Google plans interoperable RCS messaging through a hub model

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Last week, phone carriers Sprint and Rogers announced that users sending text messages between the two carriers would now be able to make use of Rich Communication Services (RCS). It looks to be the new replacement for basic SMS services. A few months ago, Google updated its Messenger app (now called Android Messages) with RCS support.

Each carrier has its own individual thoughts and ideas for how RCS should work. But, Google’s recent work indicates that it has established a method for cross-carrier communication. With the technology that it has now come up with, it is going to be much easier for other carriers to be a part of the RCS forum.

On 1st June, Google’s Nick Fox announced on Twitter,

First ever cross-carrier RCS interconnect in N Amer is now live! Now Sprint and Rogers users can message each other over RCS. Many more to come!

Following this announcement, Fox replied to a query about the need for an interconnect saying it was a necessity because Google was creating a “hub” model that will allow multiple carriers to connect to the hub once and get access to all other carriers that are already connected.

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So, instead of carriers having to connect to each other in order to exchange RCS messages, the RCS model used by Google as well as the GSMA will simply work on a hub-styled interconnect. This is depicted below.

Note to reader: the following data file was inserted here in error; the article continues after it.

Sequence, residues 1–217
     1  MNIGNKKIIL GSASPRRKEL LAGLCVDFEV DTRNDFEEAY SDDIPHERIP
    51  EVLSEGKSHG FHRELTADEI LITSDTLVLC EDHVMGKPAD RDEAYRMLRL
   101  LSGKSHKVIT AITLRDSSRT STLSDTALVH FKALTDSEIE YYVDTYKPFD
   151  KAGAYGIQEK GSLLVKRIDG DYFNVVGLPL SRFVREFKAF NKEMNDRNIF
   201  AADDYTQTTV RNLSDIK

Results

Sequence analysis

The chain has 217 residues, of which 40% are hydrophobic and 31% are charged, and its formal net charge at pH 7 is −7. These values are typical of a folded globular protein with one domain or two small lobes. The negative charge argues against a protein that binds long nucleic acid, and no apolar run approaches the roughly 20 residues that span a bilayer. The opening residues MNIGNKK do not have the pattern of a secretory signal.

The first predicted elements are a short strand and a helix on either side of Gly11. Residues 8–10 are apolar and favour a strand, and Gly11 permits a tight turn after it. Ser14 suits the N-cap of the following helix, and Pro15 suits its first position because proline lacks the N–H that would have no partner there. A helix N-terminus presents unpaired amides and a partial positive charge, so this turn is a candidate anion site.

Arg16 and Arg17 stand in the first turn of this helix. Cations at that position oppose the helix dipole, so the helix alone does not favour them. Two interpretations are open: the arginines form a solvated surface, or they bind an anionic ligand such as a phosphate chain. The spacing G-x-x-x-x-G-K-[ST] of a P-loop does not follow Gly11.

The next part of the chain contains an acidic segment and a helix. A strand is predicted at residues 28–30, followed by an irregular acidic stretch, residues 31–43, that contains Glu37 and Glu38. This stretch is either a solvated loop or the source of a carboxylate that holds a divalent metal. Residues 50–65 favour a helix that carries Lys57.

A few years ago in 2013, the GSM Association published a white paper that provides extensive details about RCS and its future implications in carrier messaging. It shows different ways in which RCS can be implemented such as a direct network-network Interface, which uses a decentralized network for each carrier connection. This would mean that every additional carrier in the network will incur larger investments for those who are in it.

The white paper also spoke about using a hub model for RCS which will have several benefits for carriers. Instead of each carrier individually connecting with one another, all carriers will simply have to connect to a central hub, which in this case seems to be provided by Google. This can also have a few disadvantages.

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As with all centralized systems, the hub could become weak if the traffic on it is more than the capacity it can take. Networks that are centralised can also suffer from threats of censorship, attacks, or interference.

The primary benefit of the present hub network being developed by Google is that it will be time effective and investment effective. Since there is now an established hub network for Sprint and Rogers, other carriers who want to join will only have to worry about connecting themselves to the hub instead of to each other individually.

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